On Tuesday evening, we took a train to London and as normality had been restored after the previous day’s strike, it was only a short Tube journey to reach our hotel. We had come down to see an exhibition at the British Library so that was our first destination on Wednesday morning. En route, I popped into Waterstones near UCL as it sells remainders and some secondhand books as well as new. However, I did not find anything on this occasion. We have an extensive collection of old maps but this exhibition focussed on the 20th century when the use of maps became widespread and was influenced by war and peace, trade, the movement of people and technological development. There was a large collection of many different maps, some familiar, many not and the exhibition is is on until 1 March. Photography was not allowed so this is an image from the exhibition website:
Afterwards, we walked to Spitalfields and visited what has been described as ‘London’s newest and innovative bookshop’. Libreria opened in 2016 and the books are organised in a very idiosyncratic way with some mini-collections curated by different people. They also hold events from time to time. When I came to pay for my purchase, two attempts to do this electronically failed due to problems with their broadband and I had to use cash. This was quite a surprise as I am used to very slow broadband speeds at home but did not expect to find this in London.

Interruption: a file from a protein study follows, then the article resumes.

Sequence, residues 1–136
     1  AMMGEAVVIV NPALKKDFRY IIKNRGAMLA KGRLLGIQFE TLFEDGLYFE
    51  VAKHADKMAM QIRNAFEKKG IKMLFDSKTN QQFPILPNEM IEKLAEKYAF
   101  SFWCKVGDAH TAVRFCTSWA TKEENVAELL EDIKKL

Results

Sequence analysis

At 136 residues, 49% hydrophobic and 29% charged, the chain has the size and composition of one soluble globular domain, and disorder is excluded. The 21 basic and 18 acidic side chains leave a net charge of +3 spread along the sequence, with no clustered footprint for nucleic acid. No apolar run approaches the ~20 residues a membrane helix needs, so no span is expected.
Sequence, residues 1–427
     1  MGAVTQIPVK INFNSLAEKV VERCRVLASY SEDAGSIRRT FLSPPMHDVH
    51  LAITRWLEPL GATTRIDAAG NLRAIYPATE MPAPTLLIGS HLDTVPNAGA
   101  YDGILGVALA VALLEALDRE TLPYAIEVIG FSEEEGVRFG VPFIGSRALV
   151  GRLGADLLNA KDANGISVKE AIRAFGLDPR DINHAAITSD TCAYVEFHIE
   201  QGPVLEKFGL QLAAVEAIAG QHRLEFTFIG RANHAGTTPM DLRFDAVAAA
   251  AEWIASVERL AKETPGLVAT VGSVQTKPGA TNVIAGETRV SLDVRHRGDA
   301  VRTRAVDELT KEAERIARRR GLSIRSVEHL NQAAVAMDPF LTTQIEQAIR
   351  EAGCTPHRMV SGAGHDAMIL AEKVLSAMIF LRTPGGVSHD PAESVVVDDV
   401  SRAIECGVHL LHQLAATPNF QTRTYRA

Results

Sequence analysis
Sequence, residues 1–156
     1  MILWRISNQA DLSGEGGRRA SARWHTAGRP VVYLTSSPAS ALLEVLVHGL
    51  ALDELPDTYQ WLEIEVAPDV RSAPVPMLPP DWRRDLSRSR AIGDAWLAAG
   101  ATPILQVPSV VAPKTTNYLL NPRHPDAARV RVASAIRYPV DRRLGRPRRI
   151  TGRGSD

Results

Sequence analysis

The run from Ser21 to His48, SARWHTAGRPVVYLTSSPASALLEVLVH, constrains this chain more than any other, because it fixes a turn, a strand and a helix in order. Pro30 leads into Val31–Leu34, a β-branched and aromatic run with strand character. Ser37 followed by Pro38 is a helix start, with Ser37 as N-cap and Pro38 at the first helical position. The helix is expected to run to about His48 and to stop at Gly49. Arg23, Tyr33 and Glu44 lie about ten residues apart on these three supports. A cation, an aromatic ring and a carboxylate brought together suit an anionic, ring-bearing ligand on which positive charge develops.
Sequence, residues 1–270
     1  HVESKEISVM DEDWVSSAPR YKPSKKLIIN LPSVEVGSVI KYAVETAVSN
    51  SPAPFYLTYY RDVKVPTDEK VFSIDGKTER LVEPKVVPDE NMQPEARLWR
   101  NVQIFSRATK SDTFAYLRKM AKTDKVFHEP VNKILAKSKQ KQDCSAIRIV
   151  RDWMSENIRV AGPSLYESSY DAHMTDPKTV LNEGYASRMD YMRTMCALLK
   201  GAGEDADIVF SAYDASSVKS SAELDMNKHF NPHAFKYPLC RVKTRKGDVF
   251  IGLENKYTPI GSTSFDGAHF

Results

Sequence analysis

Spitalfields has lots of street art, curry houses and vintage stores on Brick Lane which warrant further exploration at some point.
I find specialist shops fascinating and spotted this bag shop on Commercial Street.
Walking back towards Bloomsbury on the road called London Wall, it is possible to see fragments of the old wall near the Museum of London and the Barbican. There is another section near Tower Hill Tube Station. The hoardings around the Crossrail works had signs listing the archaeological finds dug up during the seemingly never-ending construction project. I also spotted this bindery on Clerkenwell Road that I had photographed a couple of years ago:
On the way back to Euston I called in at Skoob Books in the Brunswick Centre. which claims to be the largest secondhand bookshop in London and found a few books. I have never been disappointed here> they once gave me a bag as I was such a good customer.
Roadside sunflowers accompanied us much of the way on Route 66. On Sunday’s southbound journey it was the seed heads of Rosebay Willowherb (known as Fireweed in the USA) which waved in the wind alongside fields, moors and forests.